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Review: The Borrowers at Grosvenor Park ****

Grosvenor Park Open Air Theatre has always been committed to creating a family-friendly storytelling space.

In recent years that has extended to staging a bespoke show aimed at, but not exclusively for, the younger members of its audience.

And this year, as ‘GPOAT’ celebrates its 10th birthday, not only is it appealing to teeny tiny theatregoers, but its characters are on the tiny side too in the shape of The Borrowers.

But like its pint-sized protagonists, this charming production – adapted by Bryony Lavery from author Mary Norman’s original - is big-hearted and bursting with inventive ideas which will appeal to children large and small (yes, even ones with grey hair or beards).

The close-knit Clock family are on the run from their home under the floorboards after adventurous Shakespeare-spouting daughter Arietty (an effervescent Vanessa Schofield) is spotted by a young ‘human bean’.

While they search for a new home in the danger-strewn outdoors of the park, their fellow Borrowers are sent out in a series of miniature search parties to find and save them.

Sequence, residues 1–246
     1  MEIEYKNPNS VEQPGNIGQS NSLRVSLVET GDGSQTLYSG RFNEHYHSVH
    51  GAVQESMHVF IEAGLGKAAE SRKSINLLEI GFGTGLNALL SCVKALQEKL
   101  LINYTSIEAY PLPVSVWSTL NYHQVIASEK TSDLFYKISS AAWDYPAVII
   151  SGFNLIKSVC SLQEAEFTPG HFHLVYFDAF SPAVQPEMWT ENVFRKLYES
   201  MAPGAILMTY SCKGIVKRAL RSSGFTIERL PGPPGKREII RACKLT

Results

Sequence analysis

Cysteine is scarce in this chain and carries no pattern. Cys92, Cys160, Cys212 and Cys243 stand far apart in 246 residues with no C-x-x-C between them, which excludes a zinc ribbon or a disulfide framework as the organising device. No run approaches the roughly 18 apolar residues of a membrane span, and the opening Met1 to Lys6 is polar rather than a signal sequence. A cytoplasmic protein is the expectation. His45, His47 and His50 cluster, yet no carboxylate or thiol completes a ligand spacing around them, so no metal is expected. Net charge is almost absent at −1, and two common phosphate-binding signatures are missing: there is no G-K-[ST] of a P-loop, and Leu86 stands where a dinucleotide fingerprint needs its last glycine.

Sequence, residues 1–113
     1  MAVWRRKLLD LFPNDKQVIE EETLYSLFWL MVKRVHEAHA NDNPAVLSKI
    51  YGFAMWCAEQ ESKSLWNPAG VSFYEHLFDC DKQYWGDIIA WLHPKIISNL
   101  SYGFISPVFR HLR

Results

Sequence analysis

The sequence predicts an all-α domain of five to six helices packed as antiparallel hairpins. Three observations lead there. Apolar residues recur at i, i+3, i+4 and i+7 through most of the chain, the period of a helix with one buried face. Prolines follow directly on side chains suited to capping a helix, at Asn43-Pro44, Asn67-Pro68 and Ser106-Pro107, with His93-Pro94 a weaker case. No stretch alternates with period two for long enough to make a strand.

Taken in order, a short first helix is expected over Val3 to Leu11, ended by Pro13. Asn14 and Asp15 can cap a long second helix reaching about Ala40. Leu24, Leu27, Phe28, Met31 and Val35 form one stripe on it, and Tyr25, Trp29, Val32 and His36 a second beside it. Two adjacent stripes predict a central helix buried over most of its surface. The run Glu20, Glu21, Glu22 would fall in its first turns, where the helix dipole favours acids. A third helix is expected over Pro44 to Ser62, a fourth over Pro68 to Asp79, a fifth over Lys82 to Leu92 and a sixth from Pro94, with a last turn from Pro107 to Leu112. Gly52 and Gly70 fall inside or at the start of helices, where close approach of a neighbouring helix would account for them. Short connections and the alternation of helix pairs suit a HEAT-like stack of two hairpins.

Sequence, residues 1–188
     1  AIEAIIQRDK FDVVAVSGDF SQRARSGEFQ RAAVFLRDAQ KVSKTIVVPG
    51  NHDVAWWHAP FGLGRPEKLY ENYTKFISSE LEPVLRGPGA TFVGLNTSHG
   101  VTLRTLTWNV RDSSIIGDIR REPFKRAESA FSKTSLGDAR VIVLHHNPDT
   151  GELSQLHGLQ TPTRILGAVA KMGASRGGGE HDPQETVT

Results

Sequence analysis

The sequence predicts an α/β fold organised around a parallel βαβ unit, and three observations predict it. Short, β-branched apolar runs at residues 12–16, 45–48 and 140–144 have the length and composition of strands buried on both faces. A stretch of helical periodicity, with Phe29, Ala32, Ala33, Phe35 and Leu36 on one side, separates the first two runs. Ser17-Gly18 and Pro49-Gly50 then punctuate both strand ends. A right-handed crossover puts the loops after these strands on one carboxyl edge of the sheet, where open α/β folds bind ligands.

Among the would-be rescuers are Samuel Collings’ intense commando-like Oggy Oggins, Joseph Millson’s gloriously snobbish lush Oliver Overmantel, and Sarah-Jane Potts as the doggedly pragmatic Ronnie Rainpipe.

The Clock family moves in to a new home. Photos by Mark Carline

While there are some delightful performances, which also include Mitesh Soni’s rapping cricket, perhaps the standout stars of the show are oversized props from the fertile Borrower-like imagination of designer Rhys Jarman.

He has fashioned sized-up versions of every-day items like Jammie Dodgers, Post It notes, pencil sharpeners, paper clips, stamps, labels and lip stick, as well as creative (and lo-fi) special effects to evoke Borrower hazards like slug trails and raindrops.

Meanwhile setting the action inside a miniature version of the Grosvenor Park auditorium is a nifty conceit that involves the audience even more closely in the narrative.

Grosvenor Park has so far eschewed the modern obsession with mic-ing up actors, and for the most part there’s a pleasing clarity to the cast’s delivery – although there are a few frustrating moments when performing in the round means some lines are rendered unintelligible to a section of the audience.

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